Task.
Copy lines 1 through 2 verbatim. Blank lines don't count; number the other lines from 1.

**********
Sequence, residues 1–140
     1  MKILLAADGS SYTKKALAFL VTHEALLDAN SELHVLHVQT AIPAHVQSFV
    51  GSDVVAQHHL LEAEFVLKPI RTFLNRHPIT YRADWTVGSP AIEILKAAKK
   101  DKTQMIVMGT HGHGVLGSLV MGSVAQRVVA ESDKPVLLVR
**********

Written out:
Sequence, residues 1–140
     1  MKILLAADGS SYTKKALAFL VTHEALLDAN SELHVLHVQT AIPAHVQSFV